• Identify specialization predicates
      • No tool available
    • Generate specialized code
      • Tempo partial evaluator tool
    • Check when specialization predicates hold
      • TypeGuard and MemGuard tools
    • Replace specialized code
      • Replugger tool
tempo specialized code generator
Tempo: Specialized Code Generator
  • A partial evaluator – Generates C code
  • Binding-time analysis: separate static from dynamic parts
  • Can perform both compile-time and run-time specialization
  • Challenges
    • Pointers and aliases
    • Structures and arrays
    • Functions with side-effects
enabling and disabling specialized code
Enabling and Disabling Specialized Code
  • Specialized code is only correct when specialization predicates hold
  • Static specialization – Specialization predicates are invariant
  • Dynamic and optimistic specialization – Specialized code should not be enabled before specialization predicates are established
  • Tools: TypeGuard and MemGuard locate the code that establishes or destroys specialization predicates
typeguard
TypeGuard
  • Operates on program source code
  • Uses type information to locate sites that should be guarded
  • Place guards at the site of modifications to specialization predicate terms
  • Uses a two-phase approach:
    • First Phase: Static analysis:
      • To identify structure types whose fields are specialization predicate terms
      • Include Specialization Predicate ID (SPID)
      • Identify statements that update a guarded field
    • Second Phase: Dynamically set SPID field when specialized code is enabled and clear it when specialized code is disabled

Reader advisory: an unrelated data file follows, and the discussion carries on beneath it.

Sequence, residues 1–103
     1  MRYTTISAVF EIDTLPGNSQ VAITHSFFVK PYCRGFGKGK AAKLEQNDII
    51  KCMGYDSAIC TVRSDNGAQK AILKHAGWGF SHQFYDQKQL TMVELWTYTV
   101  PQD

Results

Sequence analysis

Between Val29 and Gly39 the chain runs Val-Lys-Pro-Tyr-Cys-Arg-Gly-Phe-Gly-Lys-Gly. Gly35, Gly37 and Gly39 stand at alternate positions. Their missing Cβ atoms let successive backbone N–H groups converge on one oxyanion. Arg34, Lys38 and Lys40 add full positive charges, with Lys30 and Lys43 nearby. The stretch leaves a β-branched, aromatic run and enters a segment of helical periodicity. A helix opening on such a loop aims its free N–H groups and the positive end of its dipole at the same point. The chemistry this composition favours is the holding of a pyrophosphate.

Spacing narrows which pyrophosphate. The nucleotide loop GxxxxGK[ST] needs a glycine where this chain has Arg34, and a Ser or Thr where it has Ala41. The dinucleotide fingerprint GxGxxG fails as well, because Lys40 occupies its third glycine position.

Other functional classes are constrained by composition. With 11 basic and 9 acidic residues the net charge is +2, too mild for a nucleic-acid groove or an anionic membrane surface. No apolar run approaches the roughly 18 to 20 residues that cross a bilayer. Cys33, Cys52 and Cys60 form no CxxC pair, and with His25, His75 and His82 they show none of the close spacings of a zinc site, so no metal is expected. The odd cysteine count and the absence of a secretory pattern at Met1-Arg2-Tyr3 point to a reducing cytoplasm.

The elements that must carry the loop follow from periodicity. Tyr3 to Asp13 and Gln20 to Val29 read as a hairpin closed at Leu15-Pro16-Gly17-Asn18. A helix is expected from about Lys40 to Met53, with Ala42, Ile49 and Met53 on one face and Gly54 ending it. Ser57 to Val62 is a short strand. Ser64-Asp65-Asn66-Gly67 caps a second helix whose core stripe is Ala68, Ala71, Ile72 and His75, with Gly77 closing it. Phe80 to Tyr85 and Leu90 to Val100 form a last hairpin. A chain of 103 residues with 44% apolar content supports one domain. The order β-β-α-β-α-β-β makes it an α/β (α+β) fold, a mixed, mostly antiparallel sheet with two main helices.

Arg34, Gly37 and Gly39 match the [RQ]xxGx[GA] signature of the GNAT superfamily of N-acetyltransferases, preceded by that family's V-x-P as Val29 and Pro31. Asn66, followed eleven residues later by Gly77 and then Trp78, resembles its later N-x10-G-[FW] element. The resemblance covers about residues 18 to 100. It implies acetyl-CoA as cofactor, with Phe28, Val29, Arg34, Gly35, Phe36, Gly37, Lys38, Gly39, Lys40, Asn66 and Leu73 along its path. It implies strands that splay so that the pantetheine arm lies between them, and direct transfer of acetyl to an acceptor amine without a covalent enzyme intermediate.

memguard
MemGuard
  • Absence of type-safe language, any type-based guarding tool cannot guarantee complete coverage
  • Solution: Use memory protection hardware
    • Write-protect pages containing specialization predicate terms
    • Protection fault handler checks for violation before writes complete
    • Guarantees to capture all writes to specialization predicate terms
replugger
Replugger
  • Replace current code when:
    • Dynamic specialization predicate is established
    • Optimistic specialization predicate is violated
  • Use an asymmetric synchronization mechanism
  • Two factors affecting design of replugging mechanism:
    • Concurrent invocation:
      • Affected by scope of repluggable functions
      • Avoid concurrent invocation using threads
    • Concurrency between replugging and invocation
evaluation
Evaluation
  • Specialization toolkit used to specialize three disparate system components:
    • Static specialization of Sun RPC
    • Dynamic specialization of Berkeley Packet Filter (BPF) programs
    • Optimistic specialization of Linux signal delivery mechanism
specialization experiment bsd packet filters
Specialization Experiment: BSD Packet Filters
  • Provides programmable interface for selecting packets from network interface
  • Enables user applications to download packet filter programs into kernel or library-resident packet filter interpreter (Relation to extensibility)
  • Single BPF program executed many times to examine thousands of packets – Ideal candidate for specialization
  • Code being specialized – Packet filter interpreter
  • Specialization predicates – Derived from a particular packet filter program
specialization experiment bsd packet filters contd
Specialization Experiment: BSD Packet Filters (Contd.)